The Deliberate Reader's on-line book club. When I read the description for April's selection, Blake Crouch's Dark Matter, I was drawn in. Then, when I discovered it was a book I could listen to in audio form, my participation was clinched. The only thing that could have been better would have been for me to discover this a bit sooner (since I had to avoid viewing the questions for this whole first week and a half of April).
What a thought-provoking book! Jason Dessen lives a mediocre life with his lovely wife, Daniella, and his teen son, Charlie. He is a physics professor at a small Chicago college. Where would life have taken him if Daniella hadn't gotten pregnant and they hadn't chosen to get married? On a quiet night, heading home from a celebration for a colleague's recent achievement, Jason is kidnapped and drugged. He awakens to another world. A world where he supposedly went on to pursue the great scientific discovery of dark matter (innumerable alternate realities bent by individual human choices). In this world, his wife is not his wife and his child, never born. He is faced with a host of scenarios that might have happened if his choices had been different. But once trapped in this other world, he must find a way back to his truest self and the most important choices of his existence.
Who doesn't wonder what their life would have been like if they had simply taken a different path at any number of cross-roads? I've previously mentioned my own fascination with the "what ifs" of life. I loved the movie "Sliding Doors," for its treatment of just such a question. I enjoyed this book even more than that movie. I hated the villain, even though the villain was part-and-parcel of the hero. I desperately wanted Jason to end up in the life of his choosing, where love and happiness both rule supreme over success. I loved second-guessing how Jason could triumph over his dilemma. The twists in the tale were cleverly executed.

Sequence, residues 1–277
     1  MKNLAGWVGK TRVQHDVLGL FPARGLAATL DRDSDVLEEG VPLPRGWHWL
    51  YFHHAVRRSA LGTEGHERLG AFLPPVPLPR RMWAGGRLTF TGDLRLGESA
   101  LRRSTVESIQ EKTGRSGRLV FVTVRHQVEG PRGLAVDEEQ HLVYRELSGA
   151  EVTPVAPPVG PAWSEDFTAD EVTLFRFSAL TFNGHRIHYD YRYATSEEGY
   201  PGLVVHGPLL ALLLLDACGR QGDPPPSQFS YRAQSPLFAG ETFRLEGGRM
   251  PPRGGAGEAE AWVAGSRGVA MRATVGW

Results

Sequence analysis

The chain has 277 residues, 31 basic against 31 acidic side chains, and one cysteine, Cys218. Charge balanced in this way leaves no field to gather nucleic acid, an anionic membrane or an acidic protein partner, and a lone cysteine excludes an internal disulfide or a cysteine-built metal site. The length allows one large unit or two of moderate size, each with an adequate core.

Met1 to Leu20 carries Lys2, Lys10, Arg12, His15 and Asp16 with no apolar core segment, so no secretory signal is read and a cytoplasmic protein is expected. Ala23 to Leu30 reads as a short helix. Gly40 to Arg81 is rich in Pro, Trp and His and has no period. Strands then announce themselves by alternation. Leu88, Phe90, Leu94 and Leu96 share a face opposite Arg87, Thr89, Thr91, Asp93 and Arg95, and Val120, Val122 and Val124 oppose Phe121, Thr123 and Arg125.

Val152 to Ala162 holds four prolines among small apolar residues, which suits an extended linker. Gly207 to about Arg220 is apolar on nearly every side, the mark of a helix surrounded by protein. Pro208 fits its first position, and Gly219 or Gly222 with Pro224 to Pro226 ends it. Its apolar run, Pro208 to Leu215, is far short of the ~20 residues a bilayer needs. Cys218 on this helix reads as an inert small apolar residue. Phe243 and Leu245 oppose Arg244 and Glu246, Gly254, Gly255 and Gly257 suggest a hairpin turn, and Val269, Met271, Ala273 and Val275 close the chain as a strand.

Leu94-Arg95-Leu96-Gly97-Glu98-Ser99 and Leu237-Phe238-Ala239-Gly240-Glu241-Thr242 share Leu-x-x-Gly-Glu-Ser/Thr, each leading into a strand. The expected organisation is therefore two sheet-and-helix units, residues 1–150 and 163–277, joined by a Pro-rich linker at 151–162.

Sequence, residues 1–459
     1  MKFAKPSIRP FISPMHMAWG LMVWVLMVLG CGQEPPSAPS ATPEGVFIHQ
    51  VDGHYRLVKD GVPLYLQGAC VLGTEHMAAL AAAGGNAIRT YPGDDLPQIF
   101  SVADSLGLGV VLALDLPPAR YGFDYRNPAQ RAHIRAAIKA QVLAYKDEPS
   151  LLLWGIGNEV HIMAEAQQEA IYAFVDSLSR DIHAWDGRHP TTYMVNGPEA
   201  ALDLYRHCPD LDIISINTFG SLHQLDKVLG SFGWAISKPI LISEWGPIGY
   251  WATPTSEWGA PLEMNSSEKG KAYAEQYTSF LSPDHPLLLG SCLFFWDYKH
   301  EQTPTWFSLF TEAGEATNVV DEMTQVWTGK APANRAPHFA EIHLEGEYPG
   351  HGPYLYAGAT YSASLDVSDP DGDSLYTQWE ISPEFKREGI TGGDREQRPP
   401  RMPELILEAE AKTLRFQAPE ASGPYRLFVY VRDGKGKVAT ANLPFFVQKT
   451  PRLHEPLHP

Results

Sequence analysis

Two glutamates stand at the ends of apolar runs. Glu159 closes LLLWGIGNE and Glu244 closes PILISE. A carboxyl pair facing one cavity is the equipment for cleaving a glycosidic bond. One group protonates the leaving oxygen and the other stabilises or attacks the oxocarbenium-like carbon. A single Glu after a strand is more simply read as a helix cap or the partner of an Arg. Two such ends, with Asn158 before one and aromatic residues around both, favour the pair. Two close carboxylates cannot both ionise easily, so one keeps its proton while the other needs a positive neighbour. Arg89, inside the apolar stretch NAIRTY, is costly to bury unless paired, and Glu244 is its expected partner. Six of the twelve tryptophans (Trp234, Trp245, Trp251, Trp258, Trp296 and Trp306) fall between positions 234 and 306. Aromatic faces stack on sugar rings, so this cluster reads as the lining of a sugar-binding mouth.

As for personal application, I thought long and hard about whether I would trade my current existence for something other, if that alternate life provided more success or a more satisfying path. Would I trade my time with my sons, if it meant more fulfillment in a career? Would I so long for the elusive grail of publication that I would be willing to trade personal happiness for it? Hmm. I think I should focus more energy on gratitude and less on wishful thinking.
There is some on-line talk of a movie production. I would welcome the experience. Moreover, it would be a movie my husband might even enjoy seeing with me (something we seldom do) - he's always game for philosophical rumination.